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Mt. Abraham Union High School's Applied Architecture II Class
Studies Covered Bridges
Paul Stetson, Instructor
The Assignment- Working in groups of three, build a 1:24 scale model of a covered
bridge in our area.
Kate Pellegrini, Applied Architecture II - Shelburne Museum Bridge - The bridge
project was very interesting and integrated building the bridge in the
woodshop with finding mathematical formulae, drawing and constructing a "to-scale" model. The
process began back in September with a 'Vermont Covered Bridges" field trip.
Shelburne Museum Bridge's top
section (on side)
resting against the rest of the model bridge
Back in September, the class visited five
Vermont covered bridges. Our job was to learn about each bridge by taking measurements of
each covered bridge. We visited the Quinlan, Sequin, Charlotte, Shelburne Museum and the Lake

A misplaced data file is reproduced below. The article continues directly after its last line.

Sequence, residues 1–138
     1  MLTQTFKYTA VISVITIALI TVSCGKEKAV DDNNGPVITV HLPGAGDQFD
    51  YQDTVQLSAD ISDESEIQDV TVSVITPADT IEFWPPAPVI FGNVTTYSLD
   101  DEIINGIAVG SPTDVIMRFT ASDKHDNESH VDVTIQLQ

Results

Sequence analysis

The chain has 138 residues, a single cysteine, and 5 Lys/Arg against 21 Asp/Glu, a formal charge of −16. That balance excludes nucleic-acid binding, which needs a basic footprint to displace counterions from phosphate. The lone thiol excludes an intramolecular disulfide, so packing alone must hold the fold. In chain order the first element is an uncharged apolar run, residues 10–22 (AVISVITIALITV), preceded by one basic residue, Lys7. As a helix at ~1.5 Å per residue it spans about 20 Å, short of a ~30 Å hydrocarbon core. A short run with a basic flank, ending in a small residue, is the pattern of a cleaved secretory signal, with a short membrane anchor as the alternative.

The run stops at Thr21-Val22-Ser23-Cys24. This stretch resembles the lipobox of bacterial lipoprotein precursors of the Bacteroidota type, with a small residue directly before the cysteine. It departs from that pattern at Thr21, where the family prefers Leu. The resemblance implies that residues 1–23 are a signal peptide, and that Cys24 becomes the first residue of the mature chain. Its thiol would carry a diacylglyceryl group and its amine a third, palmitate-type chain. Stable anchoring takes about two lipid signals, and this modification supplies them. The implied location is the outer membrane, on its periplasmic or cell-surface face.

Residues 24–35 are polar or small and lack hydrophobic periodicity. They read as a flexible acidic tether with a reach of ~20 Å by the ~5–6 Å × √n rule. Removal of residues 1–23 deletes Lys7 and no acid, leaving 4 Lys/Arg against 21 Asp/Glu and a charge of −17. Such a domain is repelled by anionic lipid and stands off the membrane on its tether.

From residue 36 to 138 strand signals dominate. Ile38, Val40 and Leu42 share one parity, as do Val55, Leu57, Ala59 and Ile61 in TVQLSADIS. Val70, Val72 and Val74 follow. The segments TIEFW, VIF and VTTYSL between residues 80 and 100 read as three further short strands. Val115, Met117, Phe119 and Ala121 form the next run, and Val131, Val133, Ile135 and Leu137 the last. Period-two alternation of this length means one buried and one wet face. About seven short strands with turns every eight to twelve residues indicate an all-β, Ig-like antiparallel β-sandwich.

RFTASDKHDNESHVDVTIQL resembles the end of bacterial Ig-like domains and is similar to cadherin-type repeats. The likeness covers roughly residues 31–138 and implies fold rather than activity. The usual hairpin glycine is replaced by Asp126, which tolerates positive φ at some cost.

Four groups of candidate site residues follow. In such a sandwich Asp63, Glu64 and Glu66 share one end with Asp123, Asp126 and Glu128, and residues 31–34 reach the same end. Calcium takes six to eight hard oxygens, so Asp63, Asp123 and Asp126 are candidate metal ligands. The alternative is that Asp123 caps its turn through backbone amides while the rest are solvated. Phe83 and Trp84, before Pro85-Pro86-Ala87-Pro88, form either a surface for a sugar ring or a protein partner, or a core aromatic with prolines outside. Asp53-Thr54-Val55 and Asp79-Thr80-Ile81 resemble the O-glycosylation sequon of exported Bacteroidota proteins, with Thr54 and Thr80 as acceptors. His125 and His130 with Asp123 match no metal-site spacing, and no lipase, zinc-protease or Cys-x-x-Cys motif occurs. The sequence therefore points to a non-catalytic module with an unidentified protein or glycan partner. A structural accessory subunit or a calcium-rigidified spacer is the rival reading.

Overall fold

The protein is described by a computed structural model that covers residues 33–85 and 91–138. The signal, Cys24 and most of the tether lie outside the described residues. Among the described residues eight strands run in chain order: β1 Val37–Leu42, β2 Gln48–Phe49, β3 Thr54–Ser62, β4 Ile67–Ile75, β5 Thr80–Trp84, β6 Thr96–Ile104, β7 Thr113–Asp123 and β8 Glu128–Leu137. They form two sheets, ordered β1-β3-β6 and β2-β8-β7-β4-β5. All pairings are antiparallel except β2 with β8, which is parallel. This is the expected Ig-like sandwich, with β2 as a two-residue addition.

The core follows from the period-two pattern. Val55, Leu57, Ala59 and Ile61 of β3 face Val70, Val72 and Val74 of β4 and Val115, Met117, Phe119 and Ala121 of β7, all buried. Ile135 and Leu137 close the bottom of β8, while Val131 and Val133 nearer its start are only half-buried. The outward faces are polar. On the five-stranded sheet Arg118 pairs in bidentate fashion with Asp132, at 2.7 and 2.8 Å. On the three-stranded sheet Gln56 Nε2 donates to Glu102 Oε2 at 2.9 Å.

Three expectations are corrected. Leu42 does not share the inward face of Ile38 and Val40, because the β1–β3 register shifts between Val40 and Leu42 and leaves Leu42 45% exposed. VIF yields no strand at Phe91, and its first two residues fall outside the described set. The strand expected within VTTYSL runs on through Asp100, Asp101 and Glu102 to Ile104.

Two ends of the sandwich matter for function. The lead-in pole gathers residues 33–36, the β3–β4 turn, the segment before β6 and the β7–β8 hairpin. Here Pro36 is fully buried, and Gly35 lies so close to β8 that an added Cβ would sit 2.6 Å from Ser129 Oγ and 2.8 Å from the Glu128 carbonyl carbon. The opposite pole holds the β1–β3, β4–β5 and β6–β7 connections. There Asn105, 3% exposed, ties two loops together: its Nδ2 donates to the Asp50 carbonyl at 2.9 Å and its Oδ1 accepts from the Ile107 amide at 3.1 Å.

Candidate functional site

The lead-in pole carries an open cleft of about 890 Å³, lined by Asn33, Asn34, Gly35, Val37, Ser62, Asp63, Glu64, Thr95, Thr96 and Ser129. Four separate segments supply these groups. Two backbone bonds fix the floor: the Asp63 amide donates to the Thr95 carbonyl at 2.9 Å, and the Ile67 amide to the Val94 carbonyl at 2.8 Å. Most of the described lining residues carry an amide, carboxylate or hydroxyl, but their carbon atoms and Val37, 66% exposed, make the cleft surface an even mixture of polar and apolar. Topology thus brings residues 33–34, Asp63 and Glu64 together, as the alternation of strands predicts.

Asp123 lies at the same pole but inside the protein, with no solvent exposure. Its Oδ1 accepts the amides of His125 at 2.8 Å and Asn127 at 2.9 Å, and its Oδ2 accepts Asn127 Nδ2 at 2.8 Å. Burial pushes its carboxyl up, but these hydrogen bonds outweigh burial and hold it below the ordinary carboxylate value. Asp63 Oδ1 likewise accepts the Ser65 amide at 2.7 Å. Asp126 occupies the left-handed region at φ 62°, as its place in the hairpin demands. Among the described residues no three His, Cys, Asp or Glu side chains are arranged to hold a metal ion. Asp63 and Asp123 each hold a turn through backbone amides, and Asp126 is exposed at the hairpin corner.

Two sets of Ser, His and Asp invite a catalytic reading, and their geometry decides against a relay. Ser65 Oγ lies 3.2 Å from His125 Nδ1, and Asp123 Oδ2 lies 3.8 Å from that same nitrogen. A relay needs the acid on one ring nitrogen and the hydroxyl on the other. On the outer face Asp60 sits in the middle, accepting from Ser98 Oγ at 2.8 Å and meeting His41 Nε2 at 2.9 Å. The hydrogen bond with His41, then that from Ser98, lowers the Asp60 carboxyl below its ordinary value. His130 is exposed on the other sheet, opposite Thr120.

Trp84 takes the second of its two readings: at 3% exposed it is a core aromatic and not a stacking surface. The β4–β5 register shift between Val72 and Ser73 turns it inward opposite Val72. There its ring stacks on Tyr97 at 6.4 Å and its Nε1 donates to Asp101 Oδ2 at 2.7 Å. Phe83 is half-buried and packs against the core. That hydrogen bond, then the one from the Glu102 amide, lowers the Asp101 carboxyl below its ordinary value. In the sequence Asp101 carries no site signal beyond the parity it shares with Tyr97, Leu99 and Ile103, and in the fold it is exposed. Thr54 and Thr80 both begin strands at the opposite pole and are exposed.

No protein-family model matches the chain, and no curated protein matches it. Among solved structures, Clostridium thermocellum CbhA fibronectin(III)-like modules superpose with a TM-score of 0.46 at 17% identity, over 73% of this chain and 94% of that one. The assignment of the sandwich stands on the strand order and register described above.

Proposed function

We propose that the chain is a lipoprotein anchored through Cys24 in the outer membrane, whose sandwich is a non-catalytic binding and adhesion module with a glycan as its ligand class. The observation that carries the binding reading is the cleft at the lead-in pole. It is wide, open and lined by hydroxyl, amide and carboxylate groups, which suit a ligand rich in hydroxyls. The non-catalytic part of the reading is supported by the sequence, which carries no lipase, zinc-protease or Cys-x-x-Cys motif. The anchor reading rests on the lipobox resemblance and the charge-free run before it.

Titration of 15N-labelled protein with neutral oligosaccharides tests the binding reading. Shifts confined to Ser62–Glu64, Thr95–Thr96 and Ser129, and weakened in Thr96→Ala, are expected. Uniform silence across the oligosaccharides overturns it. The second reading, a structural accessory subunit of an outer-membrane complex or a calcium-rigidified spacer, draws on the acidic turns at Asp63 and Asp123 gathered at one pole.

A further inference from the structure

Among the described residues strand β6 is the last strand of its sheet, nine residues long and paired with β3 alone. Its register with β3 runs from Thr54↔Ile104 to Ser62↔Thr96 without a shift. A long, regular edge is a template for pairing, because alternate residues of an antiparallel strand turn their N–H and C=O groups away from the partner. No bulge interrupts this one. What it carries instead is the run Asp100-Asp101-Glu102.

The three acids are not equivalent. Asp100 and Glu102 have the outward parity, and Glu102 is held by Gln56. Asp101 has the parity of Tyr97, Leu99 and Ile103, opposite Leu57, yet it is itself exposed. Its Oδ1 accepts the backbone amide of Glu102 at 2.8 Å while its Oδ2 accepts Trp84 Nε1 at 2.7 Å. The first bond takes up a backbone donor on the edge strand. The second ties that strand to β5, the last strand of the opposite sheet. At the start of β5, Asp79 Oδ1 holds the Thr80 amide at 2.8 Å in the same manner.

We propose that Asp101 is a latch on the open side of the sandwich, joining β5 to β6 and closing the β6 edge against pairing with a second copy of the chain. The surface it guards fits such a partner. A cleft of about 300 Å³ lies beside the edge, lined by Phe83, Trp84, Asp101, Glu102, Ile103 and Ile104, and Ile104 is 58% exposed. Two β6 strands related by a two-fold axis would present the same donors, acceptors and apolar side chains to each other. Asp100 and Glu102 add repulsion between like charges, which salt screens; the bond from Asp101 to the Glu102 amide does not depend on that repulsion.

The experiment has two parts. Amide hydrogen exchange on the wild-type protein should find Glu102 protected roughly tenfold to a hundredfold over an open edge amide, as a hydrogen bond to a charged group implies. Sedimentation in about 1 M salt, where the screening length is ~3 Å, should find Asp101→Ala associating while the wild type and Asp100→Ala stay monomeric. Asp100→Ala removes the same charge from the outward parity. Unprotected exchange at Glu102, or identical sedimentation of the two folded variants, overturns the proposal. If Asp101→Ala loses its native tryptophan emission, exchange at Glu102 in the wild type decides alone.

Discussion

Shore bridge. We found a lot of similarities and differences between the bridge's sizes,
constructions, trusses, arches and materials used. Each group of two or three people blindly
picked a bridge. We picked the Shelburne Museum bridge.
When we returned to school, the project
was continued by deriving a formula of 1':2". Every measured chord and beam was adjusted to
scale and those were the measurements that we would use for the building of the bridge.
The Shelburne Museum bridge was a
two lane bridge with a gate and a covered walkway. We created several drawings of the bridge.
They included a portal (opening) view, views of the floor, ceiling truss, and side arches from the
point of inside the bridge. We also had a side view, top and bottom view from standing outside of
the bridge. The drawings were drawn to the same scale as the model so that the width and length